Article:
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By A.J.A. Abeynayake

A three-member Supreme Court bench consisting of Justices Vijith Malalgoda, Mahinda Samayawardena and Arjuna Obeysekera yesterday ordered the Attorney General to submit a report on fuel purchases, the distribution thereof and the sectors to be provided with fuel on a priority basis.

The Supreme Court made the order after considering two fundamental rights petitions presented by the Bar Association of Sri Lanka.

The BASL has requested the Supreme Court to direct the Cabinet of Ministers to consult all stakeholders and independent experts to formulate and implement the necessary policies, and to provide concessions in relation to the prices of essential goods and services to the people including LP gas, fuel, electricity, milk powder, medicines and food.

The petitions were filed by the President of the BASL Saliya Pieris PC, Deputy President Anura Meddegoda PC, former Secretary Rajeev Amarasuriya, Treasurer Rajindh Perera and the Assistant Secretary Pasindu Silva.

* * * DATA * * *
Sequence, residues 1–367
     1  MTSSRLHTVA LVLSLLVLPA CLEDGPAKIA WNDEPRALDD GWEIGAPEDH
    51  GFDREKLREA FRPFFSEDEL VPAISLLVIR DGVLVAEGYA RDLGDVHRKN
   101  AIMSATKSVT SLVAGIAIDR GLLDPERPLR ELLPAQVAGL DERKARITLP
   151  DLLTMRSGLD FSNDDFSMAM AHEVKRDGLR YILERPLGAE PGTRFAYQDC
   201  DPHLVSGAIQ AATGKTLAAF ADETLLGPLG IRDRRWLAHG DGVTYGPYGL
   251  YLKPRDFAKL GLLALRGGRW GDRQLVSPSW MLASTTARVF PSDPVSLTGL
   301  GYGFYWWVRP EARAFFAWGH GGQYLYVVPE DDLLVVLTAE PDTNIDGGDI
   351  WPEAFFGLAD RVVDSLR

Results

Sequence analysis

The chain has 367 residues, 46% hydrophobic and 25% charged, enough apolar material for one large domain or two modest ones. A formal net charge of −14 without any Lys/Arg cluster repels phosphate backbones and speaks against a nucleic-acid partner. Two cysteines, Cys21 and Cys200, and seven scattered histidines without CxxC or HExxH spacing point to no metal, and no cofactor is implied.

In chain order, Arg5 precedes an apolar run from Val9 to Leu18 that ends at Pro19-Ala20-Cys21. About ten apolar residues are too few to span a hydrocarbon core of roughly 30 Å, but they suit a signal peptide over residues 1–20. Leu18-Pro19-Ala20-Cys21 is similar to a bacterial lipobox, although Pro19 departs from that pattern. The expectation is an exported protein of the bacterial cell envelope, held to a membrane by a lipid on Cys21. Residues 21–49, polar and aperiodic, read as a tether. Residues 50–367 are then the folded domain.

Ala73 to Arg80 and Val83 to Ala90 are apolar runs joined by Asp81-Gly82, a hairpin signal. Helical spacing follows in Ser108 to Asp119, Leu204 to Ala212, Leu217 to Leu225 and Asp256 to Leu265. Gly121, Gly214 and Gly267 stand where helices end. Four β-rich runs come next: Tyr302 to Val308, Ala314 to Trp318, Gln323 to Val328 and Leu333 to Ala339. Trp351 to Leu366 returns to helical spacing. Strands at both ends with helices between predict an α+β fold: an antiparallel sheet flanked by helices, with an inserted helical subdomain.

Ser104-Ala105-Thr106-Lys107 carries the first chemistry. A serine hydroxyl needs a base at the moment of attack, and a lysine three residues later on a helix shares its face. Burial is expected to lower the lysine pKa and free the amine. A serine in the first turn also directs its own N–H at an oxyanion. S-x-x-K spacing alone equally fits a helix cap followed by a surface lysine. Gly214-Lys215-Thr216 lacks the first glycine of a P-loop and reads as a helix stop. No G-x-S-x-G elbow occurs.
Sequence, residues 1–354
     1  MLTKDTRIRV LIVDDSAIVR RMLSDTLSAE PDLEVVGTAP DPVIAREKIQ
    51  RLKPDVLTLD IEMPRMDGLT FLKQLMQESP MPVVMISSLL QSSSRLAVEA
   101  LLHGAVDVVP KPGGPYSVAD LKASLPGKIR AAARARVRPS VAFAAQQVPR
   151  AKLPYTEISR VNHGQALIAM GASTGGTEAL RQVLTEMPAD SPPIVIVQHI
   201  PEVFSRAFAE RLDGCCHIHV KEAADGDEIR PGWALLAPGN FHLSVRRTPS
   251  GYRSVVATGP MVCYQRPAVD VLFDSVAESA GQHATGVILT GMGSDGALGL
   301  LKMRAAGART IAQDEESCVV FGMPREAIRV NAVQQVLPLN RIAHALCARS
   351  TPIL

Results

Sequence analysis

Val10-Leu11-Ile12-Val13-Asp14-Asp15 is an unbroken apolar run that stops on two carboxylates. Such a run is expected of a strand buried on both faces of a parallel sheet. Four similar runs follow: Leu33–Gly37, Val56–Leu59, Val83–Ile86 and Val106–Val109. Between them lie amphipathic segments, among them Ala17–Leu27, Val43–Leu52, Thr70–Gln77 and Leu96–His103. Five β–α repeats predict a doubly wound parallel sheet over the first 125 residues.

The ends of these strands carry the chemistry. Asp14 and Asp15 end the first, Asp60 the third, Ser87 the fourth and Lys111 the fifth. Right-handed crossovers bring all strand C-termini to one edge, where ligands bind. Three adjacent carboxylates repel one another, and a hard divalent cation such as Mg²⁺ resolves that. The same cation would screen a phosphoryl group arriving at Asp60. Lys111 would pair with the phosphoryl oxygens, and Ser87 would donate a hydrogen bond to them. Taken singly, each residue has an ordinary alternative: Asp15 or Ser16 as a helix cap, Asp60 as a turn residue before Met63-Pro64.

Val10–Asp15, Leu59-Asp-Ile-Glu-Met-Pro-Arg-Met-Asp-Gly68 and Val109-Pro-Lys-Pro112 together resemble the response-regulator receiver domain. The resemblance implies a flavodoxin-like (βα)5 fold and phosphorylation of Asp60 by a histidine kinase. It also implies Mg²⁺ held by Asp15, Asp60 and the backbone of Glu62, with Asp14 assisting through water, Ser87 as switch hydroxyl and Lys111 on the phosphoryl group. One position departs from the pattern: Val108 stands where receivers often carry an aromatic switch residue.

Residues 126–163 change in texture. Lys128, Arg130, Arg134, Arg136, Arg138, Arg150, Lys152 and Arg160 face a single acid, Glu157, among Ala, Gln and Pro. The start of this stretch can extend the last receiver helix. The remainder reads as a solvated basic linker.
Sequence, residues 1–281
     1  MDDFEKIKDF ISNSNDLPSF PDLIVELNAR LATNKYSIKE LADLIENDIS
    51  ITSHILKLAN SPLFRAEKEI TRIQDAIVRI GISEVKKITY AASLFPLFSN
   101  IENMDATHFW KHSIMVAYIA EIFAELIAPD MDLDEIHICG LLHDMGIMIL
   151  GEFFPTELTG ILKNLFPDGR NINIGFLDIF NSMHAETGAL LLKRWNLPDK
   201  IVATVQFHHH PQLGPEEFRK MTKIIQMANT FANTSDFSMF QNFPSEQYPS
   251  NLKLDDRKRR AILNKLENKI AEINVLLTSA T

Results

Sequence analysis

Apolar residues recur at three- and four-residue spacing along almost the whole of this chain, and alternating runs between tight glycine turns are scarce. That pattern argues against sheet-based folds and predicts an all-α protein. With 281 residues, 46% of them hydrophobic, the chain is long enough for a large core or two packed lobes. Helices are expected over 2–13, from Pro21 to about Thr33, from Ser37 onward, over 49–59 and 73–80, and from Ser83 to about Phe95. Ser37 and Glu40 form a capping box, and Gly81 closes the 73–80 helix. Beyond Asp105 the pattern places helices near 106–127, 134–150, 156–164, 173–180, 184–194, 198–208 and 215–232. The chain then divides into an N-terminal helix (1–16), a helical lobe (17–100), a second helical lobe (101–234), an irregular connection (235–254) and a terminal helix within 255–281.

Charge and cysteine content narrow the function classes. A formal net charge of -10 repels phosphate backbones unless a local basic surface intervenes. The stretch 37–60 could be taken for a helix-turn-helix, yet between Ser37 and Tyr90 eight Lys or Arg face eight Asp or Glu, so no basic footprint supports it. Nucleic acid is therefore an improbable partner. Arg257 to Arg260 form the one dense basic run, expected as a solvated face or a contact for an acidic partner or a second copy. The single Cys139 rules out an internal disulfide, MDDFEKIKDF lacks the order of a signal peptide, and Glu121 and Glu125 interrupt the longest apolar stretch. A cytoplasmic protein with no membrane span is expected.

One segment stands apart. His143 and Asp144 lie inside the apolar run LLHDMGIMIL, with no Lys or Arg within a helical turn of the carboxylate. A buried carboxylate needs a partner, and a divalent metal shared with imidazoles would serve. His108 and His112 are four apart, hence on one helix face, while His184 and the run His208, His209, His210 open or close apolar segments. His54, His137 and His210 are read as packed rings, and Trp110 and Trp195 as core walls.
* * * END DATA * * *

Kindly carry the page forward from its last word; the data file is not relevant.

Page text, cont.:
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A/L may be delayed by one month

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Education Minister Sushil Premajayantha told Parliament yesterday that although it had been scheduled to hold the G.C.E. A/L Examination 2022 in November this year, it could be further delayed by another month.

Responding to a question by MP Shantha Bandara, the Minister said: “The examination should be held at least after three months of releasing the results of the previous A/L exam because the students who need to sit it again should have enough time to prepare,” the Minister said.